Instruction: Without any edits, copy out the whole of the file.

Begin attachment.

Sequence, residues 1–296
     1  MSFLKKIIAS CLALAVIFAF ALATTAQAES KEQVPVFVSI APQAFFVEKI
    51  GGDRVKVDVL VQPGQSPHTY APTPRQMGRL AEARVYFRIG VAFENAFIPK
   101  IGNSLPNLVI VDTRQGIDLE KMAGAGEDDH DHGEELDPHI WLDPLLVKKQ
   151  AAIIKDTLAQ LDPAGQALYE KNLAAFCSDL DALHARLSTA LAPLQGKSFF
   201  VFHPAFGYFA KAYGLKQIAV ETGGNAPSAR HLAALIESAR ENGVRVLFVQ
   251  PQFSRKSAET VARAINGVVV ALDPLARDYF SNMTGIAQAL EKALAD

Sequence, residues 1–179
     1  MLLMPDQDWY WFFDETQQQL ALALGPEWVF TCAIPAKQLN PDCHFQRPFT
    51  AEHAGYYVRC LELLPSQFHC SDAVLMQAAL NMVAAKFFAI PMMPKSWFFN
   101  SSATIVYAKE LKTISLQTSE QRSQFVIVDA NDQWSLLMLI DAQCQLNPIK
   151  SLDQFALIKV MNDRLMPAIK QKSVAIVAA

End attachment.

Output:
Sequence, residues 1–296
     1  MSFLKKIIAS CLALAVIFAF ALATTAQAES KEQVPVFVSI APQAFFVEKI
    51  GGDRVKVDVL VQPGQSPHTY APTPRQMGRL AEARVYFRIG VAFENAFIPK
   101  IGNSLPNLVI VDTRQGIDLE KMAGAGEDDH DHGEELDPHI WLDPLLVKKQ
   151  AAIIKDTLAQ LDPAGQALYE KNLAAFCSDL DALHARLSTA LAPLQGKSFF
   201  VFHPAFGYFA KAYGLKQIAV ETGGNAPSAR HLAALIESAR ENGVRVLFVQ
   251  PQFSRKSAET VARAINGVVV ALDPLARDYF SNMTGIAQAL EKALAD

Sequence, residues 1–179
     1  MLLMPDQDWY WFFDETQQQL ALALGPEWVF TCAIPAKQLN PDCHFQRPFT
    51  AEHAGYYVRC LELLPSQFHC SDAVLMQAAL NMVAAKFFAI PMMPKSWFFN
   101  SSATIVYAKE LKTISLQTSE QRSQFVIVDA NDQWSLLMLI DAQCQLNPIK
   151  SLDQFALIKV MNDRLMPAIK QKSVAIVAA